Pack Your Carry-On Bag Like a Pro

Tips for packing carry-on luggage for air travel

Packing your luggage is an essential part of every trip. What kind of suitcase-packer are you? Do you make meticulous lists of items to pack weeks in advance, or do you throw things into your bag moments before you leave for the airport? Are you the type of traveler who takes pride in managing a three-week trip with a single carry-on bag, or do you take three wheeled suitcases for a long weekend? Is your luggage a matched set of designer suitcases, or a beat-up backpack you’ve been dragging around since college? No matter what your packing style may be, we bet you’ve got a few clever tricks… and we bet you’ve made a packing mistake or two!

Our friends in the travel industry have shared their best advice for packing for a trip. This week, we’ll be considering the task of packing carry-on luggage for air travel.

The carry-on bag is an essential for plane travel. Most airlines allow you to bring on one carry-on suitcase that will fit in the overhead bin, as well as one “personal item” such as a purse, laptop bag, or small backpack. With airlines charging more and more for checked baggage, many travelers are perfecting the art of fitting everything they need into their carry-ons!

Security Regulations for Carry-Ons

The Transportation Security Administration (TSA) will be screening your carry-on bags before you board. Remember that you can’t carry any liquids, gels, or aerosols in containers larger than 3.4 ounces (100ml), and you’re not allowed to bring any knives, scissors, guns, or other objects that could easily be used as a weapon.

The ban on large containers of liquids is often the most troublesome for travelers. If you have special shampoos, lotions, or other toiletries you want to travel with, you can purchase travel-size containers, or empty out the little bottles from your last hotel stay and decant your favorite toiletries into them! This also means that you can’t carry bring your Diet Coke or grande Starbucks latte with you through airport security. Wise travelers will wait to buy their drinks until after they have cleared TSA! You can also bring an empty water bottle with you, and fill it from a fountain before you board your plane.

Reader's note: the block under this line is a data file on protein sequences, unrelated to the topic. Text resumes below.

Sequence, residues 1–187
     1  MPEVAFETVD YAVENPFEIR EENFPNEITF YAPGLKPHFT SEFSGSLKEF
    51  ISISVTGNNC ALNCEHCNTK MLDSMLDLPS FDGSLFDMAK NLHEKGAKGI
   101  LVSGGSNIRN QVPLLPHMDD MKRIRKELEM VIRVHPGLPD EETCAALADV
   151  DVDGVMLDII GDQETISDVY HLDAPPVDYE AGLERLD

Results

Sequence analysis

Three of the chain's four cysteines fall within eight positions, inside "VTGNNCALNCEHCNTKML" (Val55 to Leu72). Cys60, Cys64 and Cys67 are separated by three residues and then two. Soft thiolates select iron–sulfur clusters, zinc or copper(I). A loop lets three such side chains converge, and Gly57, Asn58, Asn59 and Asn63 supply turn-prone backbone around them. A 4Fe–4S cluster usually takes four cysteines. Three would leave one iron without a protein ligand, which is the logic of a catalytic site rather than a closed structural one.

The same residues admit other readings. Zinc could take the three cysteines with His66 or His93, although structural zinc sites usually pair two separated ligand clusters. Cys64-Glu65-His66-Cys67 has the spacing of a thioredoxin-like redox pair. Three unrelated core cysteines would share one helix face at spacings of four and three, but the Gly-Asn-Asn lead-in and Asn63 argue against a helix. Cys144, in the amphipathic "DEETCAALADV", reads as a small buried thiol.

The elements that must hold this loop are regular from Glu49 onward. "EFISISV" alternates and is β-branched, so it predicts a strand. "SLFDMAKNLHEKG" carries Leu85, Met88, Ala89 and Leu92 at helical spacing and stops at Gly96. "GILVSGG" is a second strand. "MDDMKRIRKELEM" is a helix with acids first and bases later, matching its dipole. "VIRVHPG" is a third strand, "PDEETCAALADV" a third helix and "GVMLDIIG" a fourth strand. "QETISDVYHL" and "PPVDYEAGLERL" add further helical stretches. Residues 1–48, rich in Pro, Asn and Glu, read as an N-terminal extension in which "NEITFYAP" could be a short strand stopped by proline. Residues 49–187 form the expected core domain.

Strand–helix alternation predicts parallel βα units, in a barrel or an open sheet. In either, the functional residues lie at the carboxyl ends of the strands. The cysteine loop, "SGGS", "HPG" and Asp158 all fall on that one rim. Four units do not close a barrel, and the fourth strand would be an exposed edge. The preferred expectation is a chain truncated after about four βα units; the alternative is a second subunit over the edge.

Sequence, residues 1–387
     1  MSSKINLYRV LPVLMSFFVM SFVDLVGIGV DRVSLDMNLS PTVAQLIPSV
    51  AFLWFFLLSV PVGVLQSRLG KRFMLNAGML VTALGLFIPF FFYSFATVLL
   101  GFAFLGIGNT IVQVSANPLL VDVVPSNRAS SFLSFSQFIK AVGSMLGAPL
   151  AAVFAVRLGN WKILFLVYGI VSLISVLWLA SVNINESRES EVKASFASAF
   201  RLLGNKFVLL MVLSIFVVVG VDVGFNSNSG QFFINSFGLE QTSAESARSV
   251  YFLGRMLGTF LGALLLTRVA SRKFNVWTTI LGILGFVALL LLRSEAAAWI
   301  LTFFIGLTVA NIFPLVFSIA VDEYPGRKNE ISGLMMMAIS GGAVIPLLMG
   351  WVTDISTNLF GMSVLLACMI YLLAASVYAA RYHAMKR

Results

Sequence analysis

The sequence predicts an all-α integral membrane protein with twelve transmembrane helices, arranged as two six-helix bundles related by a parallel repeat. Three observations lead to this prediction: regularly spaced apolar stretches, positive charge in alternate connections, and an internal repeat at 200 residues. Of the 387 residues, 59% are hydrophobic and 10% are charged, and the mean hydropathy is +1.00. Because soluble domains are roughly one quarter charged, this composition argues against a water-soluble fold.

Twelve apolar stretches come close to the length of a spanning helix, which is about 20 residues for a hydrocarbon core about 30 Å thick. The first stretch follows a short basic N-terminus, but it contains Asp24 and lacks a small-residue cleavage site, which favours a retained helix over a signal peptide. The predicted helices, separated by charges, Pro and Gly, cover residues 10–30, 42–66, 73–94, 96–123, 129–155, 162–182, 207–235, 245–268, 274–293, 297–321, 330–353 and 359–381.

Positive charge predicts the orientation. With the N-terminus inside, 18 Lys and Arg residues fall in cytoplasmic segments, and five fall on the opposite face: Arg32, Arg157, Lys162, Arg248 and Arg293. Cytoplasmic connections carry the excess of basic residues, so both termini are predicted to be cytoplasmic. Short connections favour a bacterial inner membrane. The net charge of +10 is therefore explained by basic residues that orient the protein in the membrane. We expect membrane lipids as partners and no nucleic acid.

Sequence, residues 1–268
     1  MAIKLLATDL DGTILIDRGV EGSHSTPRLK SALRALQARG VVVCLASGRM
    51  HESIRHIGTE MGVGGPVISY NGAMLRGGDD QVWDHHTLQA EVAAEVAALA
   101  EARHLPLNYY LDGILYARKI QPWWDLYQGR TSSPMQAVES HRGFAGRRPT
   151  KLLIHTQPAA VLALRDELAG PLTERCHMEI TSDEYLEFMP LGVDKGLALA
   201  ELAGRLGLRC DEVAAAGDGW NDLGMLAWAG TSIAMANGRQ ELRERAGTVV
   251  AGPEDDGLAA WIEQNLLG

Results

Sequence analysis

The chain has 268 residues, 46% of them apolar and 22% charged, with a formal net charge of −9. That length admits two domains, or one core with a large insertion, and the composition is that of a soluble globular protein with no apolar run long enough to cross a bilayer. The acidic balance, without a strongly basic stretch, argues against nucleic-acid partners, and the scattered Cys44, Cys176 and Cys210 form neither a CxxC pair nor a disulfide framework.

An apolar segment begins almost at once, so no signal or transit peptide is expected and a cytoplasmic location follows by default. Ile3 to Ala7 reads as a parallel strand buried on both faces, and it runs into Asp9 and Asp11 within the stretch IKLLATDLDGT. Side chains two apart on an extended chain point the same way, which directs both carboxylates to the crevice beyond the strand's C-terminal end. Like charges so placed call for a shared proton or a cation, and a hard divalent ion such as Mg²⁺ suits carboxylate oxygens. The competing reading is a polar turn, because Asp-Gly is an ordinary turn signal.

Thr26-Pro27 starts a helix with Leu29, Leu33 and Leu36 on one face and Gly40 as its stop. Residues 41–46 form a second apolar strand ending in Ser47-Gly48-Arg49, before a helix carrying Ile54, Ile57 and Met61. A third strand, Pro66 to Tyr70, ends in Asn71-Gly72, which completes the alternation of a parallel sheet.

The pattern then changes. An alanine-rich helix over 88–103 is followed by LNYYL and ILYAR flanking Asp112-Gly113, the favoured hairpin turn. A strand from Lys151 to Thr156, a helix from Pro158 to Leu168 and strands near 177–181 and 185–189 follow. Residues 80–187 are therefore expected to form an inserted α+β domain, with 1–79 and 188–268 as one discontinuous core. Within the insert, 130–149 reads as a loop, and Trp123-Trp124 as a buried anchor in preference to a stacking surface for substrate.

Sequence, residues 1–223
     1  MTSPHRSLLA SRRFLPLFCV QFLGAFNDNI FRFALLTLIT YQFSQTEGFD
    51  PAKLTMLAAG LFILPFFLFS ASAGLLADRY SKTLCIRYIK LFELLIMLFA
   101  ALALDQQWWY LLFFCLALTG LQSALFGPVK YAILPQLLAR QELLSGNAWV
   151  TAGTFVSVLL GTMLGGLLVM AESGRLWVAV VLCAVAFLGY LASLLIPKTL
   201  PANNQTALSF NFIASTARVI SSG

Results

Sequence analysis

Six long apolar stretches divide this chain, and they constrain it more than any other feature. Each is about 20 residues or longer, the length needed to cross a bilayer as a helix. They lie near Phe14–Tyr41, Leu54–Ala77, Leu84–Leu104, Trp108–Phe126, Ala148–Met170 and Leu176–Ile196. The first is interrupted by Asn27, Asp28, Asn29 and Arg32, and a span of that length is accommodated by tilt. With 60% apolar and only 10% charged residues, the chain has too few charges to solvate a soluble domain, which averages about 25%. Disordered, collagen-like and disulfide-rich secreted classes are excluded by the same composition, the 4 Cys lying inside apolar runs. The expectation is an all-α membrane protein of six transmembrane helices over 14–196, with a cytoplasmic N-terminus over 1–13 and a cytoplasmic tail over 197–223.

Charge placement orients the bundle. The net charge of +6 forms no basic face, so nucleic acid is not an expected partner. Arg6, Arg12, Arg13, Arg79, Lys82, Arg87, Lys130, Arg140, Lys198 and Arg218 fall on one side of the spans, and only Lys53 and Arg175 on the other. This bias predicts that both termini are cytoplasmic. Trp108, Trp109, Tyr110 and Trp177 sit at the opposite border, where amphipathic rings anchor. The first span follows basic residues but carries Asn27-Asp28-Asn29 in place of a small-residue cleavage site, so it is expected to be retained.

Packing Items for Your Comfort on the Plane

Personal item bag to access your frequently used travel essentialsMake sure that anything you want to use during the flight is packed into your “personal item” bag, which you can keep under the seat in front of you, and not into your larger carry-on. Travelers are discouraged from opening the overhead compartments while the plane is in flight, so it’s best not to plan on being able to get items out of a bag stored overhead until after you land.

What types of items should you consider bringing for use on the flight? Savvy travelers will be prepared with snacks, gum, and mints, even for flights on which a meal is served. If your flight doesn’t have meal service, you may even want to purchase a meal in the terminal and carry it on to enjoy in the air! You can even bring your own meal from home, or from a restaurant outside the airport, so long as it doesn’t include any items that would violate the TSA’s liquids rule. Bring entertainment items for yourself, such as magazines, books, and your tablet or smartphone. (Don’t forget to charge your electronics before you board! Many airports now have dedicated charging stations at the gates.) If you’re lightly dressed for warm weather outside, keep in mind that airplanes are often heavily air-conditioned, so you’ll be glad to have a light jacket, sweatshirt, or shawl. The air in the cabin is also quite dry, which you can combat with lip balm and hand lotion.